Assorted links

by on August 10, 2013 at 1:26 pm in Uncategorized | Permalink

1. They forgot about the elevator.

2. Is this fertility insurance?  Or crowd-funding for babies?  And Emily Oster on the research behind pregnancy taboos.

3. Parkour markets in everything.

4. “What are the most mindblowing recent advancements people still don’t know about?”

5. How to market a water charity.

6. Interview with Kevin Shields.

Mark Thorson August 10, 2013 at 2:20 pm

18% efficiency! 1000 A/cm^2 power density! If their claims are true, this is a revolution in thermoelectricity!

http://micropower-global.com/technology/how_it_works/

Andreas Moser August 10, 2013 at 3:50 pm

# 1: Spain’s high-rise buildings have often been symptomatic of the wider problems in the country: http://andreasmoser.wordpress.com/2012/06/13/spains-banking-crisis-is-no-surprise/

mulp August 11, 2013 at 11:33 pm

The only point of the building, and the extra floors, was to reap fees from all the debt passing through the bank.

Innovative global banking has no need for reality because it is all about the fees. Its a good thing the banking system crashed or else it would be a 90 story building to earn more fees. But it wouldn’t need elevators because it would have pancaked to 10 stories.

lxm August 10, 2013 at 3:53 pm

#4 – Some amazing stuff. Hope it takes off.

There is no great stagnation.

prior probability August 10, 2013 at 3:56 pm

I loved this excerpt from #5

” … it was generally understood that you didn’t network with other business leaders, in part because networking was, as Chris Sacca, a former Google executive whose venture-capital firm reportedly owns more than 10 percent of Twitter (a stake that could be worth as much as $1 billion), put it to me, not the point and unnecessary, because everyone was already successful. And although we had intermittent cellphone service and wireless Internet throughout the trip, there was an ambivalence about smartphone usage — and strangely enough, technology more generally. (A tip: If you want to fit in among the start-up set, first brag about your gadgets, then brag about how little you use them.)”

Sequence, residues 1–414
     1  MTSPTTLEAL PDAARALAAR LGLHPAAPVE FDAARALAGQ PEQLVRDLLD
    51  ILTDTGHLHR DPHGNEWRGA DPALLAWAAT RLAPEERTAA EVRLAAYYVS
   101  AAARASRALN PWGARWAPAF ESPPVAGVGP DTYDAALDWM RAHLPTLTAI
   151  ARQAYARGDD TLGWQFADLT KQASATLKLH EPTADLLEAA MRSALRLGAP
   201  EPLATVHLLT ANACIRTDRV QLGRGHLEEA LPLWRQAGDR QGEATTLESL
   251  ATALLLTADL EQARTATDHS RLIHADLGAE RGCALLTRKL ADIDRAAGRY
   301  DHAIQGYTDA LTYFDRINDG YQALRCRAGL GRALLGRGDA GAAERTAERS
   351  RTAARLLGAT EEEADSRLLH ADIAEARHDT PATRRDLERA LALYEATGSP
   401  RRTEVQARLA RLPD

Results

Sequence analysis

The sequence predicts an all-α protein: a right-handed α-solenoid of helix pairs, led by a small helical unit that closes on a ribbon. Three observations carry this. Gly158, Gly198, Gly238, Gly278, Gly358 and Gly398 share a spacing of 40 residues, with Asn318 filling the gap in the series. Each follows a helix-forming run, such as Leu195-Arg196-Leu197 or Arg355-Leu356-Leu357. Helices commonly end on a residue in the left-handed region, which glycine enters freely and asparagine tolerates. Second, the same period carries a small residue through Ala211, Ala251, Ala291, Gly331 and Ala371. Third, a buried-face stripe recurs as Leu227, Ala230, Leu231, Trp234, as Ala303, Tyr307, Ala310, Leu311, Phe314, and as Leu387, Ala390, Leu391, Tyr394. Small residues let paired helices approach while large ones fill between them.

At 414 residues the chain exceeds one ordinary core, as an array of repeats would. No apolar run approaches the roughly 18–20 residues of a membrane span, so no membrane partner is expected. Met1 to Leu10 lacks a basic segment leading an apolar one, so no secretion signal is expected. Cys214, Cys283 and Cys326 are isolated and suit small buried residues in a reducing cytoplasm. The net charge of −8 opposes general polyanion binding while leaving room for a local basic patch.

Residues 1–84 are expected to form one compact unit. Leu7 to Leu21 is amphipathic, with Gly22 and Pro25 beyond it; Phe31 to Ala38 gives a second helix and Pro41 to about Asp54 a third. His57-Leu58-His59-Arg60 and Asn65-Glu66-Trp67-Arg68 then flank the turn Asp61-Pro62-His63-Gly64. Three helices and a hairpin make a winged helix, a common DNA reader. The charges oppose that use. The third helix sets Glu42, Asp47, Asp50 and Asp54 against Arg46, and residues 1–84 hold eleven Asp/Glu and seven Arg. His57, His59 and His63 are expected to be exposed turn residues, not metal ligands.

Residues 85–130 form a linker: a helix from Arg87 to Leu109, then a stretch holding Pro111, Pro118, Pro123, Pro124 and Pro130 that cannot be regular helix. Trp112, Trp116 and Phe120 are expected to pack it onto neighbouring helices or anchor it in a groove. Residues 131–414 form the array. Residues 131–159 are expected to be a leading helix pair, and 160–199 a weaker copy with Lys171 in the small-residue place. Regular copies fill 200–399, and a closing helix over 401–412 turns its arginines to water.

Alexei Sadeski August 10, 2013 at 7:29 pm

The content of #4 and the title of #5 are funny, being right next to each other.

A Gen Y Worker August 10, 2013 at 8:00 pm

Yep yep yep. There are whole places of the world that have yet to reap the full benefits of the First Industrial Revolution, now into its 3rd century.

Having technology is great. It is no replacement for the economic, social, and political infrastructure required to be a First World Nation.

Would you rather be a free man in the early 20th Century Midwestern farms or a Chinese kid in 2100 where the Politburo has implanted nanites in your body and will explode you for jacking off too much or whatever? Have no fear! Only criminals should fear the nanite bombs! The innocent have nothing to hide…

Therapsid August 10, 2013 at 8:32 pm

China 2100. In fact, China *today* if you’re a middle class urban resident versus being a farmer in the Midwest in the early 20th century.

Foobarista August 10, 2013 at 9:50 pm

#1: this happens surprisingly frequently in China; my sister-in-law’s condo building was supposed to have an elevator – she lives on the ninth floor – but the developer didn’t build it and went bankrupt before he could be sued to build it. Chinese buildings are supposed to have an elevator if they’re more than six floors, but I’ve seen many that don’t.

She gets an excellent aerobic workout going up and down the stairs several times a day, especially in the insanely hot and humid Shanghai summer months.

Mike W August 11, 2013 at 8:37 pm

Here’s a “mindblowing” technology:

http://www.youtube.com/embed/6LWz4qa2XQA?feature

Richard Davis August 13, 2013 at 11:51 am

Tyler,

I request a post on the opposite list from #4: advances that contrary to popular opinion we have not achieved yet. Example: a quick-acting antidepressant.

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